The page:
Westerns, from The Great Train Robbery to Unforgiven, have tended to portray a tough land inhabited by tough men (and very few women). Neither incarnation of The Sisters Brothers entirely diverges from this, but both offer an alternative. The humour of deWitt’s novel is often caustic, but it offers some rare levity in a genre so defined by ruggedness. Eli, partially in the novel but magnified in the film, presents a softer model of Western-hero masculinity. He yearns for the better life represented by Warm and Morris, and rejects his brother’s excessive violence. As Charlie, Joaquin Phoenix is the cast member who looks most like he belongs in a classic Western, and he is as much the story’s antagonist as anything.
DeWitt’s novel is fundamentally a playful, wandering thing, and so doesn’t commit to one thematic throughline. Among its preoccupations are fatherhood (many of the bit-characters excised from the film have – or are – bad dads), the supernatural, and the encroachment of modern capitalism on the wilderness. The film is much more sincere, and so it feels right that it has something approaching a message: that change is both possible and necessary. The four leads, as Reilly has discussed, illustrate the path away from violence, towards a gentler understanding of the world. Charlie is violent and unreformed; Eli wishes to reform; Morris has begun to reform; and Warm is the goal of reform.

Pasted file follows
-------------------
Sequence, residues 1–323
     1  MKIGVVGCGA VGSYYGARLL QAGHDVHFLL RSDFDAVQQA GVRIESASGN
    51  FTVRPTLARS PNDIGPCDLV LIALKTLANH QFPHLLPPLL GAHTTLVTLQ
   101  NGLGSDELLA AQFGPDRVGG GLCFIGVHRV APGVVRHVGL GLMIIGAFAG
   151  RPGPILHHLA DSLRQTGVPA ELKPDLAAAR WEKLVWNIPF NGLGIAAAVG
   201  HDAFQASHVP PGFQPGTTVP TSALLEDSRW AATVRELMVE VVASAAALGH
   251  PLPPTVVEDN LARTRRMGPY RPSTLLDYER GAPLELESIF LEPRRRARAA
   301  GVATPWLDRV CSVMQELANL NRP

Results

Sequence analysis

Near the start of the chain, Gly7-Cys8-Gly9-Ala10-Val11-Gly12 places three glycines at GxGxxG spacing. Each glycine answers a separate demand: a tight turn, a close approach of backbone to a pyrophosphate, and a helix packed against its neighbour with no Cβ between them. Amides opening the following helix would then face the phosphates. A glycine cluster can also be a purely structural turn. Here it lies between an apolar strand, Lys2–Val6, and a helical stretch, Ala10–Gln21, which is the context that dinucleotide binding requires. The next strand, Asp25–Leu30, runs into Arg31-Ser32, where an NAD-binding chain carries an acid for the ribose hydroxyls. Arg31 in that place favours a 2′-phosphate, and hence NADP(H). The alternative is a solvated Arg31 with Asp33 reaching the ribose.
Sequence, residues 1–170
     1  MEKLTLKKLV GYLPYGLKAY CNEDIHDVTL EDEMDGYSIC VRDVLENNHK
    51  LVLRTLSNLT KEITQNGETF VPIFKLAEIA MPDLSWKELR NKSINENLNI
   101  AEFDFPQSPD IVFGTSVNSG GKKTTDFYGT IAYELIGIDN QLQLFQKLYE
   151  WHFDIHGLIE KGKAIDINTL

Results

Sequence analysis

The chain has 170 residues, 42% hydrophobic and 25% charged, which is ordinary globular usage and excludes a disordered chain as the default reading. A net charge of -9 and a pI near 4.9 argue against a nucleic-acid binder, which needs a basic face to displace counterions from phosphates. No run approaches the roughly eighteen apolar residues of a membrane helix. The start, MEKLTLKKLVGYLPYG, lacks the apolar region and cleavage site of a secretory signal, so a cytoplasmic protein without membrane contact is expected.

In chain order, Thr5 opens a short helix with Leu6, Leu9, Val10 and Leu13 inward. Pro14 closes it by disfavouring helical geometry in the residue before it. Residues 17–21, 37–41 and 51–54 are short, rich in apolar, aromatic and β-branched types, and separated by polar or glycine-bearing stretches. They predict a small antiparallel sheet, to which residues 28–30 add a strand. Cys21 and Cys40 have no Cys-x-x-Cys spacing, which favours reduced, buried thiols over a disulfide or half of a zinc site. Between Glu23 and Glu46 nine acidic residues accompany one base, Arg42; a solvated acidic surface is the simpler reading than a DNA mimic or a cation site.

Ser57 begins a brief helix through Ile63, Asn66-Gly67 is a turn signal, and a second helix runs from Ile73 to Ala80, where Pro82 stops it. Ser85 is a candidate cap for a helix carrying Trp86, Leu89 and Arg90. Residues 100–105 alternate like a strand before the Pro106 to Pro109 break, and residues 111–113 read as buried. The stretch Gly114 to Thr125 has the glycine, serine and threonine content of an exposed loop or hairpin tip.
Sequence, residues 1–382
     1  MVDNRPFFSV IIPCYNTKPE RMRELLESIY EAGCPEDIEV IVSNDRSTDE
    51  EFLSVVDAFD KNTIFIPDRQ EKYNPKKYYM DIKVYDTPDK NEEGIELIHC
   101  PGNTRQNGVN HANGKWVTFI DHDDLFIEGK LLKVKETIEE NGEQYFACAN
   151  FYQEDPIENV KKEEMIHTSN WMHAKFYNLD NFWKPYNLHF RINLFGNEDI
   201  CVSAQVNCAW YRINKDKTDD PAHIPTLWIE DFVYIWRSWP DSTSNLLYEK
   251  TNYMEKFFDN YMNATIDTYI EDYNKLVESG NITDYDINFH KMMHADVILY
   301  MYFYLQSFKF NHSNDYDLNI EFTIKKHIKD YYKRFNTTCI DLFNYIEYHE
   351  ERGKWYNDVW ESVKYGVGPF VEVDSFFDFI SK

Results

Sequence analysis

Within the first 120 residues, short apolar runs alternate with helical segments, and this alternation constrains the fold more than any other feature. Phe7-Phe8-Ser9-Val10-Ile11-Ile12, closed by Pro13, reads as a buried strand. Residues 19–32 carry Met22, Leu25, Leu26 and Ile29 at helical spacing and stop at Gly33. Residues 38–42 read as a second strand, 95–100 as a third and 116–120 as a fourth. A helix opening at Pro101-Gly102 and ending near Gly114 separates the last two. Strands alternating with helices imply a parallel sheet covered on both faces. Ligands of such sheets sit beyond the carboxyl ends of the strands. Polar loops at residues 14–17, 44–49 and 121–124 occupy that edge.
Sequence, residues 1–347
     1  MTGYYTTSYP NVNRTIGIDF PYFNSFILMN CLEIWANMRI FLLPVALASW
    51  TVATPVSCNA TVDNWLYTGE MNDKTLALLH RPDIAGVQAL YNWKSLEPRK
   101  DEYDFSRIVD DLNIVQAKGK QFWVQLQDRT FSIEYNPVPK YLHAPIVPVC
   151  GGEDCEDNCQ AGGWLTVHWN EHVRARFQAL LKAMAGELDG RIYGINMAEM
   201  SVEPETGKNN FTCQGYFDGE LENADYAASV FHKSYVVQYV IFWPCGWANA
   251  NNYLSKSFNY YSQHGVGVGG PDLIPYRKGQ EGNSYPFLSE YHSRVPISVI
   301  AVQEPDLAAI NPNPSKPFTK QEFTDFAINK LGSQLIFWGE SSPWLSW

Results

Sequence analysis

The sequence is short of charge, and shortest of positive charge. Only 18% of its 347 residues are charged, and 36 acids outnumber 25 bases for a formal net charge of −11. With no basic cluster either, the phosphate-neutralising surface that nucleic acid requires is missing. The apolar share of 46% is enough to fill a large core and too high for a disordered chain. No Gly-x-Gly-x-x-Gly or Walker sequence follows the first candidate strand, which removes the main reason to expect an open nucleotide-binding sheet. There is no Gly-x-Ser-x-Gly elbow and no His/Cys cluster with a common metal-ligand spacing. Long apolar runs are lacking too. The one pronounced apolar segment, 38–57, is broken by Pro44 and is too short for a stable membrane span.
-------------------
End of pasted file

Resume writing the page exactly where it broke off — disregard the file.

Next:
The film smartly streamlines deWitt’s meandering novel towards this goal. DeWitt fills his version of the west with a bevy of amusing eccentrics, driven mad by gold or strife, who more often than not end up killed by Charlie. These are largely absent from the screenplay, and those that remain are retooled to be involved somehow in the search for Warm. Warm himself is simplified a little. DeWitt gives him a chapter-long speech detailing his harrowing backstory; here he appears from nowhere. His goal is changed too: deWitt’s Warm only wants to use his skills as a chemist to make money; Audiard’s Warm plans to send this money to a utopian community he is building in Texas.
In the act of adaptation, Warm becomes more angelic and Charlie – by the exclusion of most of the victims of his wanton violence in the novel – becomes more feasible as a subject of redemption. The world itself does not become softer (pain and mayhem abound), but the story’s worldview does. This is complemented by a change in tone from one medium to the other. The film loses much of the book’s humour (from Eli’s narration and the weird bit-players), but replaces that ironic levity with moments of earnest sweetness.
It’s a tremendously sincere film through and through, with Reilly putting the friendliest possible face on a sad-sack hitman, Ahmed and Gyllenhaal lighting up the screen whenever they share a glance – even Phoenix tends to come off as a screwup big brother more than a truly evil killer. The film’s spirit is exemplified in a late scene: Warm, Morris, Charlie and Eli have joined forces to get rich with the help of Warm’s miraculous gold-detecting chemicals. For a moment, the river they are standing in shimmers as the precious metal beneath their feet is illuminated by the formula. DeWitt has things already going to hell by the time this happens, but Audiard lets the characters – and the audience – enjoy their hard-earned moment for a while before the darkness returns.